Before Covid-19 and last year’s anti-government protests, 35-year-old Indian Hongkonger Kitty Kaur was running her own Tsim Sha Tsui guest house.
But the economic shock waves from those crises led to the closure of her business and a long, fruitless search for alternative ways of making a living.
She was one of 1,250 jobseekers, as of late afternoon on Wednesday, attending the first of a two-day job fair at Southorn Stadium in Wan Chai, a Labour Department event showcasing 2,500 vacancies.
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Kaur’s guest house went to the wall in March after six years in operation, with the downturn making it difficult to cover the monthly rent of up to HK$50,000 (US$6,450), on top of staff costs and management bills.
“When the protests started last June, the customers became afraid and I got many cancellations. Then the virus started, and business just got even slower,” she said.
Kaur has focused her job hunt on administrative-related work, but has been unsuccessful despite searching for more than a year, since the impact of the demonstrations, sparked by the since-withdrawn extradition bill, first threatened her business.
“I went through websites and there are many job positions showing. But when I applied, I didn’t even get a reply,” she added.
“I prefer to have my own business, as working hours are more flexible. But there’s a lot of pressure, because Hong Kong is getting more expensive, yet the number of jobs out there is not increasing.”
Unemployment in Hong Kong stands at 6.4 per cent, according to official figures released earlier this month, a record high for nearly 16 years.
Six months ago, Ho Mei-yan, 23, unexpectedly lost her full-time cashier job at a chain convenience store, which was hit hard by the pandemic.
Currently living off her savings, she was also at the fair on Wednesday desperately looking for work.
“I’m very lost, and this is the first time I encountered something like this. I’m losing motivation, as companies don’t need me and even the most ordinary jobs are hard to find these days,” said Ho, who has applied for dozens of roles, mostly in the catering industry.
“Economically, there’s been a lot of pressure, I just want to find a job, and I don’t mind working in any industry,” she added.
The security and retail industries are among the 23 exhibitors looking to recruit staff at the fair, but almost half of the companies pitching up on the first day represented property management agencies, looking to fill posts such as property consultants and branch managers.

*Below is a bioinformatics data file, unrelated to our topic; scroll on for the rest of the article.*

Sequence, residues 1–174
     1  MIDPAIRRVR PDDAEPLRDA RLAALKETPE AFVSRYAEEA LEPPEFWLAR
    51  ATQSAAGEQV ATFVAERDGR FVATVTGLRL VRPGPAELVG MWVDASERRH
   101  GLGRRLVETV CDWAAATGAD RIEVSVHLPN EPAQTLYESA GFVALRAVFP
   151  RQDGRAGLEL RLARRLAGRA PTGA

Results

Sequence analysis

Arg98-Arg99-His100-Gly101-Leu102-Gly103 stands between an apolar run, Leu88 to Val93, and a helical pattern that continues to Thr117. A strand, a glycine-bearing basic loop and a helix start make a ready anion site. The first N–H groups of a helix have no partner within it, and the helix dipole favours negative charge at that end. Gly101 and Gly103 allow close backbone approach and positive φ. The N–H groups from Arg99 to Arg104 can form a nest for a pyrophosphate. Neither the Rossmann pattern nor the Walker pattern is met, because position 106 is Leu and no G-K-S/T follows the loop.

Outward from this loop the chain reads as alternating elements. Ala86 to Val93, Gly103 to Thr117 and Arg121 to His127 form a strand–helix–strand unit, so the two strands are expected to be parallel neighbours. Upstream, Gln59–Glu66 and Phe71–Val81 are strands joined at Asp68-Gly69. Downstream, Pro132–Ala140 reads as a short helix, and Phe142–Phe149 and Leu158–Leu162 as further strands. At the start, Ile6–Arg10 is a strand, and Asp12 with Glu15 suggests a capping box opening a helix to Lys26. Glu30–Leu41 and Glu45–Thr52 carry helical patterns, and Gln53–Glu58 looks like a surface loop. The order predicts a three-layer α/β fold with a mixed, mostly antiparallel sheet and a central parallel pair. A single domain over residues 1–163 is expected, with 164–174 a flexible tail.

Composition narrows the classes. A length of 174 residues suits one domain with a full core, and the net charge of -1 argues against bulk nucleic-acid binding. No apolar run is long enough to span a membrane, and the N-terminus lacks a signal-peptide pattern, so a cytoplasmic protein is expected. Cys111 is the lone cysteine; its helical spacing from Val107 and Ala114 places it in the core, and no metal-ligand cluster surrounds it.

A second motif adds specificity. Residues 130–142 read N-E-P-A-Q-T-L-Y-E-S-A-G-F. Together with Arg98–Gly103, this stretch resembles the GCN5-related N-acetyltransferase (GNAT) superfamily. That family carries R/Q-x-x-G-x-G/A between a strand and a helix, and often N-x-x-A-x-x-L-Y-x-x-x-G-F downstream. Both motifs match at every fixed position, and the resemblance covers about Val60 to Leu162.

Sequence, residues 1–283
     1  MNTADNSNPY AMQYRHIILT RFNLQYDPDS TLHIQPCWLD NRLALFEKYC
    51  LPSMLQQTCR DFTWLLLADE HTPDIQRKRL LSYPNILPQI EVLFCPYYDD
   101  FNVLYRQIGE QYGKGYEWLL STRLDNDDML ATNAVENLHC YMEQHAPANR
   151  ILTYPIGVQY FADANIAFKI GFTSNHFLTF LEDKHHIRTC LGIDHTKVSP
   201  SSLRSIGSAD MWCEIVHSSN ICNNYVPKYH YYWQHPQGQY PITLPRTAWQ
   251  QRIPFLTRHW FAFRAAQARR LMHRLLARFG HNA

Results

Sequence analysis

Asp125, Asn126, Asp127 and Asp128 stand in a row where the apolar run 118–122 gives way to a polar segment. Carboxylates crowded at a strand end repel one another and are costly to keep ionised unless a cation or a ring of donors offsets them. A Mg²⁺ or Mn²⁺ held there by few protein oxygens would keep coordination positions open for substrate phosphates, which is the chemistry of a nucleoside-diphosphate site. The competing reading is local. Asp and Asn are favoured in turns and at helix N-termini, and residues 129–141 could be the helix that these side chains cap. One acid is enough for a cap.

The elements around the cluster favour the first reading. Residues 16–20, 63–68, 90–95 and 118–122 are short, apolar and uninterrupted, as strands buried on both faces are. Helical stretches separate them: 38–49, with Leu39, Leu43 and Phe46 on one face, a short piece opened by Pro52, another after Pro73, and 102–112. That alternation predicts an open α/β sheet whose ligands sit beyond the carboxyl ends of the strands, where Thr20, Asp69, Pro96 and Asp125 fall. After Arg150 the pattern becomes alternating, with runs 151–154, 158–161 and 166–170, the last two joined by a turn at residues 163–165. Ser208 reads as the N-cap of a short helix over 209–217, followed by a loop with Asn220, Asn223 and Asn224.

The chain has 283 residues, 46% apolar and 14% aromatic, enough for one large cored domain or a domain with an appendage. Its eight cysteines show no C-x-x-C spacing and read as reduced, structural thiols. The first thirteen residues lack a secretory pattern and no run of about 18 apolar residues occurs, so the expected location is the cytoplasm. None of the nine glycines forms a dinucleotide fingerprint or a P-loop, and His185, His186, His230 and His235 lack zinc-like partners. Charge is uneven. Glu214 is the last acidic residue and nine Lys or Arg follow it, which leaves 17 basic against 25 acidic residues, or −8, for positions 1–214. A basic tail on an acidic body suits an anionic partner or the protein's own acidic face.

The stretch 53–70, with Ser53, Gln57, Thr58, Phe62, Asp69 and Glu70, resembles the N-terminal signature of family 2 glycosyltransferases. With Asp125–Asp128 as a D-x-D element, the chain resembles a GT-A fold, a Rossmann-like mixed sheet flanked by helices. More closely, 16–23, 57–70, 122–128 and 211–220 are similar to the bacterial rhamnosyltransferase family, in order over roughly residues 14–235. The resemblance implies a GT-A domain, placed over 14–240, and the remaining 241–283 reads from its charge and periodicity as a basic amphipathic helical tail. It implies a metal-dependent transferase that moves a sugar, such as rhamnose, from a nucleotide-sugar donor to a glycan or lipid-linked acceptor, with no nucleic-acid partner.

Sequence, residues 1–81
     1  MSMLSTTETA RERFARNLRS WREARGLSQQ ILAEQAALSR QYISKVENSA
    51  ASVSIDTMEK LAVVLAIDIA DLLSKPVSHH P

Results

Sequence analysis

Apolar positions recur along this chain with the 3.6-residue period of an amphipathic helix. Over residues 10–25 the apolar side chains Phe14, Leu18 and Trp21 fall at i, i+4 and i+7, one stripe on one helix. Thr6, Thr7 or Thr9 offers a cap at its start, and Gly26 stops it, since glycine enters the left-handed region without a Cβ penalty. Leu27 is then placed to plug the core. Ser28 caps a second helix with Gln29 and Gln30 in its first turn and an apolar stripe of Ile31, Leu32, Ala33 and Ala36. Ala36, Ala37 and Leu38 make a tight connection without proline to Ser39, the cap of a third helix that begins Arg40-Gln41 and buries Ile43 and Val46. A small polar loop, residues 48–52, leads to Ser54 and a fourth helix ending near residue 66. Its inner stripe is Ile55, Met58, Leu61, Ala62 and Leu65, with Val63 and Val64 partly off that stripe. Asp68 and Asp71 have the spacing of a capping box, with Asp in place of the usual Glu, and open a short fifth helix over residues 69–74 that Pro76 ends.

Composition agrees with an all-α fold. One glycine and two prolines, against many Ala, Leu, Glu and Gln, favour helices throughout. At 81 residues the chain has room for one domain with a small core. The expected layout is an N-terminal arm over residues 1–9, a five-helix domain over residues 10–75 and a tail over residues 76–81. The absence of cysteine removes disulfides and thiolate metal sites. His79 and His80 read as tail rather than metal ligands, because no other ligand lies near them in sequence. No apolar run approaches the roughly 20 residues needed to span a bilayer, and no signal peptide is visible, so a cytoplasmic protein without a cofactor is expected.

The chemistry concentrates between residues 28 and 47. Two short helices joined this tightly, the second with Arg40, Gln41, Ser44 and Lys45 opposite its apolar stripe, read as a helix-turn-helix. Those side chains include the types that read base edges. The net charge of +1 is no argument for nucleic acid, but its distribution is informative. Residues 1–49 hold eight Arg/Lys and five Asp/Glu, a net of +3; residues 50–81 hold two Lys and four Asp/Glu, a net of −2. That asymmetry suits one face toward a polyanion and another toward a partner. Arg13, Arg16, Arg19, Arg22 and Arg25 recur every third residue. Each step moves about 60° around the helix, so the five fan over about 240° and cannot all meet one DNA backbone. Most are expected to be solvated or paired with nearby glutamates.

Ken Lai Kin-fung, assistant district director of Century 21 Goodwin Property Consultants, said the property management industry was not significantly affected by the pandemic given housing demand was always high in Hong Kong.
“Our industry generally has a high-turnover rate, so we are always looking for new people to generate business,” he said.
Lai added he saw about 40 to 50 per cent more jobseekers inquiring about the industry and hoped to recruit 20 or so new colleagues.
Some industries struggling through the pandemic were also looking for applicants.
Oasis Group, a community service organisation running two nursing homes and an elderly day care centre, plans to hire at least 30 people for the homes, according to Wincey Choi Wing-sze, who manages human resources for the organisation.
“Part-time or freelance carers may go to different centres, but because of Covid-19, there’s a higher risk of spreading the virus to others,” she said.
Filling these positions might also be challenging, as their nursing homes required specialised skills and certifications in carer training programmes, Choi added.
“For people switching industries, they may not have enough expertise or considerations when choosing to work in caretaking. People need to be familiarised with this industry, or else it’s easy for them to quit.”
Analysts warned on Wednesday that Hong Kong’s jobless rate could reach an all-time high by the end of the year without improvements to the economy. The record of 8.5 per cent was set in 2003, when the severe acute respiratory syndrome epidemic gripped the city.
Hong Kong’s economy slipped into recession nearly a year ago, with US-China trade tensions compounding the impact of the protests.
The latest gross domestic product figures from 2020 show a 9 per cent contraction in the second quarter from the same period a year ago.
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